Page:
As a member of the Leadership Council of the Sustainable Development Solutions Network (SDSN), I want to draw your attention to the SDG Index and Dashboard which has been developed together with the Bertelsmann Stiftung. SDSN is led by the Columbia University Professor Jeffrey Sachs, who is the official adviser to the previous, and now to the new, SG on this matter.
It is not an easy task for governments to start to implement SDGs, which pursue strategies to combine economic development, social inclusion, and environmental sustainability. Goals 1 and 10 out of the 17 SDGs will be over time under constant scrutiny in order to assess progress. We must identify priorities, determine weak points in implementation, and stay on track towards the goals. The SDG Index creates for the first time a measure of the SDG starting point in 2015 at the country level. It will help every country identify priorities for early action, understand the key implementation challenges and identify the gaps that must be closed in order to achieve the SDGs by 2030.
Very important point - poverty standards. Currently, the extreme poverty line which is the poverty standard set by the Post-2015 Development Agenda is still $1.25 a day.
I think this figure is too low to assess the multidimensional nature of human development. The average poverty line of 15 least developed countries was $1.25 a day in 2012, and the median of the poverty lines of 75 countries was $2 a day. After that, the IFIs set the extreme poverty line of $1.25 a day. It is obviously not reasonable for the SDG still to use the poverty line of $1.25 a day set in 2008 for the year 2030.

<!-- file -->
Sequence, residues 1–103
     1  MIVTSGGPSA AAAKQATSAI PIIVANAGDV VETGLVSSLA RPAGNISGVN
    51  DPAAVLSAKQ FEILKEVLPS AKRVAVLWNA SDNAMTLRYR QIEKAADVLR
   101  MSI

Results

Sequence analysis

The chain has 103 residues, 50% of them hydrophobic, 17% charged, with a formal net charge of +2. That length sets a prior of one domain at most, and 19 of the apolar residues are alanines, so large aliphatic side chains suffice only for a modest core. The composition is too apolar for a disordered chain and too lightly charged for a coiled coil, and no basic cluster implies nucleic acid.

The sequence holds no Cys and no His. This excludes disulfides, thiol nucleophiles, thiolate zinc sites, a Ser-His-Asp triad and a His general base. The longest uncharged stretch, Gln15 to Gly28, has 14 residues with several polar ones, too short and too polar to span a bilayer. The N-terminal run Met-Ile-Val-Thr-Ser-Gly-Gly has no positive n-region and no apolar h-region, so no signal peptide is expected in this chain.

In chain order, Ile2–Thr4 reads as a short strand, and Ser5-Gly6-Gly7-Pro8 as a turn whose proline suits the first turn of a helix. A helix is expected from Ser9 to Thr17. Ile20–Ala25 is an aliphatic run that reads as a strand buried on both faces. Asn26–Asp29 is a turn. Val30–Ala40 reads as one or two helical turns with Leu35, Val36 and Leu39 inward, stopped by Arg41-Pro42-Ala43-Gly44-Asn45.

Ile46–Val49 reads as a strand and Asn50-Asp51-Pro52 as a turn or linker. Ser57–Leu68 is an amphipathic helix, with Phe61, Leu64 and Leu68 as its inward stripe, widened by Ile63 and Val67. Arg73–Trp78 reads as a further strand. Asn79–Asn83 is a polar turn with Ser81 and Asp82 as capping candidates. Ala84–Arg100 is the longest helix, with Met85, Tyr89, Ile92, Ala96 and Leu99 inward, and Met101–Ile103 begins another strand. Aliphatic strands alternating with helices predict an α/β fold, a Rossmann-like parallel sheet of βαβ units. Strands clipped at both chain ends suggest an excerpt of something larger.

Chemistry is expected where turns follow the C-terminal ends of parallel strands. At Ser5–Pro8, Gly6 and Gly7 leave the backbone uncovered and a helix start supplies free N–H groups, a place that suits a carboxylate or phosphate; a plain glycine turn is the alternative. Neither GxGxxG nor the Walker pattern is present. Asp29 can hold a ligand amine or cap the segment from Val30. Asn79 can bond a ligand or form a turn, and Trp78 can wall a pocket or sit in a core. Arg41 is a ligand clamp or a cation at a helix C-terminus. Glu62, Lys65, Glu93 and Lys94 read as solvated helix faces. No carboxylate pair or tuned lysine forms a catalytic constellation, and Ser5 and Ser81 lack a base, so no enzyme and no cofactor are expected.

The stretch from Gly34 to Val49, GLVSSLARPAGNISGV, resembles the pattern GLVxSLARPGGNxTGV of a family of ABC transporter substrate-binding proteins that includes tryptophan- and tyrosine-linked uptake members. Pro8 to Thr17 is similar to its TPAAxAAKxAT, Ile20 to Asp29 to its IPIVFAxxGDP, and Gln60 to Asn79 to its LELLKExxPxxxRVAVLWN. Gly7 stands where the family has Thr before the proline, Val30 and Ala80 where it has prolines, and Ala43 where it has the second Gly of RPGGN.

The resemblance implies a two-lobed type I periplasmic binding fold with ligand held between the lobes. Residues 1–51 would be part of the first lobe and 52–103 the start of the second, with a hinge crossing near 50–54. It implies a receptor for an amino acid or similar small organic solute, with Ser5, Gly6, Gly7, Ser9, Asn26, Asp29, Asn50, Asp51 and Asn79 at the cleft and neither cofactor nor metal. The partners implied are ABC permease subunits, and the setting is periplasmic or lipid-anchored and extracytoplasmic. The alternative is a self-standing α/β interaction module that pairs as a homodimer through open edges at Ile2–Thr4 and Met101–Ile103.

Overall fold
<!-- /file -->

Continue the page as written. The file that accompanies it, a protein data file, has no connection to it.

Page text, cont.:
New ways of poverty alleviation should be explored
Poverty alleviation and sustainable development supplement each other. Poverty alleviation covers many fields such as health, women protection and environment. We should pay more attention to the combination between poverty reduction goals and other SDG associated targets, including the combination of poverty reduction with climate change, education, gender issues and so on. On the one hand, we can attract more international assistance and international cooperation resources for the fields other than poverty reduction (such as environment, education and health) to provide financial and intellectual support for domestic poverty reduction. On the other hand, we can fully achieve poverty reduction under a broader framework of international development. In theory, the eradication of poverty is a kind of public service that should be provided by national government and a kind of global public service where joint global efforts are required.